In a ‘drinking & dancing’ incident reported from Rajkot, cops were forced to make drunk baraatis dance again to the beats of music in order to ‘reconstruct’ a crime scene. The video of the crime scene’s reconstruction has been making rounds of social media, amusing netizens and evoking different reactions.
Seven men were arrested by the police in Rajkot after a viral video showed them allegedly dancing and drinking during a wedding procession. To better understand the situation, the police decided to take the accused back to the crime scene and make them dance once again, but this time with a water bottle instead of alcohol. Apparently, it’s legal to reconstruct crime scenes in this way, according to the police inspector in charge.
To make matters worse, the groom, Vijay Kumbharvadiya, was also arrested because he was caught on camera accepting a firearm during the ceremony from someone who is now on the run. It turns out that the other arrested men too have criminal records, with one having been detained under the Prevention of Anti Social Activities Act (PASA) in 2019 for alleged bootlegging.
Meanwhile, the cops have taken blood samples from the accused to check for alcohol, which is like trying to find a needle in a haystack. They’re also on the hunt for the bottle of alcohol seen in the video.
The Facts of the Matter
Weddings are supposed to be a time of love, joy, and drunken dancing. But for seven men in Rajkot, India, their wedding shenanigans landed them in hot water with the police. After a video of them allegedly indulging themselves in alcohol and dancing went viral, the police swooped in and made them reconstruct the crime scene – and by crime scene, we mean the dance floor. The suspects were given a water bottle instead of alcohol, and the cops ended up arresting 7 persons involved in the matter.
Police Hand Over Water Bottle to ‘Reconstruct’ Crime Scene
The accused arrested in the incident men were identified as Hiren Parmar, Pratik Parmar, Dhaval Maru, Jayesh Dave, Mayur Khint, Dharmesh Rajani, and Ajay Ramani, Indian Express reported They were charged under the Gujarat Prohibition Act.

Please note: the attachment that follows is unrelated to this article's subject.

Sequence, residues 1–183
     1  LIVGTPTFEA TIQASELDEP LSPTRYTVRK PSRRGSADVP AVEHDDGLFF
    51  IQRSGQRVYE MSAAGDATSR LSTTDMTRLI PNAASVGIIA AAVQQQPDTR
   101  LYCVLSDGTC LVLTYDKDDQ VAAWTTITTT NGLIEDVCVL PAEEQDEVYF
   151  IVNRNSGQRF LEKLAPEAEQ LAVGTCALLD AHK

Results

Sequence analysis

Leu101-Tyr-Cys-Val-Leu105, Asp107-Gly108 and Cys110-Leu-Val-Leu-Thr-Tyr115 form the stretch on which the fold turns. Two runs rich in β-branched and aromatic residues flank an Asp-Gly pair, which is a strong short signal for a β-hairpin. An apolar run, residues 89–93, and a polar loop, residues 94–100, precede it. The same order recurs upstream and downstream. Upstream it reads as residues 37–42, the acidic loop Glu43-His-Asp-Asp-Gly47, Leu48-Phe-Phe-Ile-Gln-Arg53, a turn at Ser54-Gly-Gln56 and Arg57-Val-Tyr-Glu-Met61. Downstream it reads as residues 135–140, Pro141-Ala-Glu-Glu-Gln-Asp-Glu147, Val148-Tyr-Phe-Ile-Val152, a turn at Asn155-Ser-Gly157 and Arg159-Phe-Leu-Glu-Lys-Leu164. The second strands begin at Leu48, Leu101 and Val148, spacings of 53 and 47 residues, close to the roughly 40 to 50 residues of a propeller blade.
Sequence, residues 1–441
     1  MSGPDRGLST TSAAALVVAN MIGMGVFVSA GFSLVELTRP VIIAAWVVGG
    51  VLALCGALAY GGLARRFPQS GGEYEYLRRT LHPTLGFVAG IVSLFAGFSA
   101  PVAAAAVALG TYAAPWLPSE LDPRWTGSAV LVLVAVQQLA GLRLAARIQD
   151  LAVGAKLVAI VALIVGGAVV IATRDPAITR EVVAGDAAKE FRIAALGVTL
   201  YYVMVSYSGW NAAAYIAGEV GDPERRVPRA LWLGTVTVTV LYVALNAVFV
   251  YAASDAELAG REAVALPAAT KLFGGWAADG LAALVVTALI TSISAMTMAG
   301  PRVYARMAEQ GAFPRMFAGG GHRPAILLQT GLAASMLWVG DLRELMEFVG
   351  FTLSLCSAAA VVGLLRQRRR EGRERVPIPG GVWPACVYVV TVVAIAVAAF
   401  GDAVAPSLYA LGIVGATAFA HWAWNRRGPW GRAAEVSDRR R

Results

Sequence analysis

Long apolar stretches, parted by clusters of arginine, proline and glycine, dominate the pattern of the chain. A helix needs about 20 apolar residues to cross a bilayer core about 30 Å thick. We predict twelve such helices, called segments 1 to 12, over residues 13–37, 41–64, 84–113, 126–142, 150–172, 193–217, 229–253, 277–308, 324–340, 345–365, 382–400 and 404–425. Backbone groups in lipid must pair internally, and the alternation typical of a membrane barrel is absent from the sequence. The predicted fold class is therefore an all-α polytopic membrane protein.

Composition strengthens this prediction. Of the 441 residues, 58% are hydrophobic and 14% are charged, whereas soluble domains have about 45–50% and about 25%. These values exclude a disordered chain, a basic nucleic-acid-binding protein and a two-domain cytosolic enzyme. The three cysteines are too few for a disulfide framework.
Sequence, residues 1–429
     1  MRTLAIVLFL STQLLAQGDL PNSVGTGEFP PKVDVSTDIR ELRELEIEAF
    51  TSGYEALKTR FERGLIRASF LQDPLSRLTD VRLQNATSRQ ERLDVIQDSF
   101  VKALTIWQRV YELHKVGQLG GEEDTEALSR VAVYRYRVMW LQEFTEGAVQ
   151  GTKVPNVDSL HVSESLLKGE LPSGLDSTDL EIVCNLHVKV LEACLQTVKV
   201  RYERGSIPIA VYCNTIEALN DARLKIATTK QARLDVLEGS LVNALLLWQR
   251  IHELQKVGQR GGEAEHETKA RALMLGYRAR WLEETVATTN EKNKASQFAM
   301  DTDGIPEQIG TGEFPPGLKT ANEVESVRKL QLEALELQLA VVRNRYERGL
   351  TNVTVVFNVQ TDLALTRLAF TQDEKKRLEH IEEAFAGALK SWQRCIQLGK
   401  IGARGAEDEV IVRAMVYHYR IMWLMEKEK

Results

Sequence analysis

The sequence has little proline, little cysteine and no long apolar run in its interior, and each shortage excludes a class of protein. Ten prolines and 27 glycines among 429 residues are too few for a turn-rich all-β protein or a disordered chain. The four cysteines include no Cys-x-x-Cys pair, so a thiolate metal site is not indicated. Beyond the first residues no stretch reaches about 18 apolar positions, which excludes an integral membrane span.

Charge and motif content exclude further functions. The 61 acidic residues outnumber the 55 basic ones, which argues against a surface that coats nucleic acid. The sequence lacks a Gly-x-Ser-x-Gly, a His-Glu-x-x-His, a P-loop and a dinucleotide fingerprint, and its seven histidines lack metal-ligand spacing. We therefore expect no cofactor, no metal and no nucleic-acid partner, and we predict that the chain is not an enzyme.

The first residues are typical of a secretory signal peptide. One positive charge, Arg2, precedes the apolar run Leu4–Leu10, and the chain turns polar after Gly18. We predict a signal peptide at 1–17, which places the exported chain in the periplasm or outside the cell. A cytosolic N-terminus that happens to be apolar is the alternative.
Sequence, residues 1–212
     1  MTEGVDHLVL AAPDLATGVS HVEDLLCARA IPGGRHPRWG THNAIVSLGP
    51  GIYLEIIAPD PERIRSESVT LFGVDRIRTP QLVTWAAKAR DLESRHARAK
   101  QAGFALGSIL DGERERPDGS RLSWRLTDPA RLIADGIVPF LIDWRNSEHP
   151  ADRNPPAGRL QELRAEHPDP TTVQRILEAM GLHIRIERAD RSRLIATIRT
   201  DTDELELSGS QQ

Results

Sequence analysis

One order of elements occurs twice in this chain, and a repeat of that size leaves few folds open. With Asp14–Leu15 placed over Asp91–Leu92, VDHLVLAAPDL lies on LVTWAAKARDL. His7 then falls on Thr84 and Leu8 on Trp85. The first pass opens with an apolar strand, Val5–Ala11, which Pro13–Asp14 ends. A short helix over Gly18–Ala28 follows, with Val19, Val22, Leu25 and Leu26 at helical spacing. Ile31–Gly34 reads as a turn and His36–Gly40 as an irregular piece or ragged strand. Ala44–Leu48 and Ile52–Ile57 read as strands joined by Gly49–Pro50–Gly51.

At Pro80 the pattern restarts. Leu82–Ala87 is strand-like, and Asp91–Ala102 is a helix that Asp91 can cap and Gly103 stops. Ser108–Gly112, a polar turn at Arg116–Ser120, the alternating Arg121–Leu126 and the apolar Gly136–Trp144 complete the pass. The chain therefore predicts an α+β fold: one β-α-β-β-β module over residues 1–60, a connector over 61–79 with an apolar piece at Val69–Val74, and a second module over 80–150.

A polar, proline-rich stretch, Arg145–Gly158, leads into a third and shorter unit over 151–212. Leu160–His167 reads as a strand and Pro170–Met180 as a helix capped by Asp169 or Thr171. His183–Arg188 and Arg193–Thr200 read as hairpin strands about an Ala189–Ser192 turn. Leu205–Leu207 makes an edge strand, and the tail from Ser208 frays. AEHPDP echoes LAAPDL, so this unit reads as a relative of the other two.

After the arrest, the police took the seven accused to the same spot where they allegedly committed the crime and asked them to reconstruct the events to understand how they drank and danced. The accused were given a water bottle instead of what appeared to be a liquor bottle in the video.
“The law provides for such a reconstruction of crime scenes during the course of a police investigation,” said police inspector Mayurdhwajsinh Sarvaiya, who is in charge of the Bhaktinagar police station.
Accused Involved have Been Booked Before
The police inspector revealed that all the arrested men had prior criminal records. Maru, for instance, had been booked in nine cases, including seven under the Prohibition Act and two for criminal assault, since 2018. He had also been detained under the Prevention of Anti-Social Activities Act (PASA) in 2019 for bootlegging activities
Hiren Parmar and Khint had two and one cases under the Prohibition Act against them, respectively, and Pratik Parmar and Rajani had three and two cases against them, respectively.
Making things worse, even the groom of the infamous baraat, Vijay Kumbharvadiya, was also arrested after accepting a firearm from Jitendra Talavaiya in a video of the same ceremony.
Watch Video here
Rajkot police re-enacts the scene of a viral video where wedding revellers were seen openly consuming liquor while dancing in a marriage procession.
The revellers were arrested.
PS: Gujarat is a dry state where liquor is banned, selling or consumptionpic.twitter.com/PZb6zi56NP
— Kumar Manish (@kumarmanish9) February 21, 2023
Gujarat’s Battle with Illegal Sale of Alcohol
Gujarat has a strict prohibition policy, which makes the production, sale, and consumption of alcohol illegal in the state. The Gujarat Prohibition Act, 1949, prohibits the sale, purchase, and consumption of liquor, with severe penalties for violations.
However, the prohibition policy has also led to the rise of illegal liquor trade and bootlegging activities, which remain a significant challenge for law enforcement agencies in the state.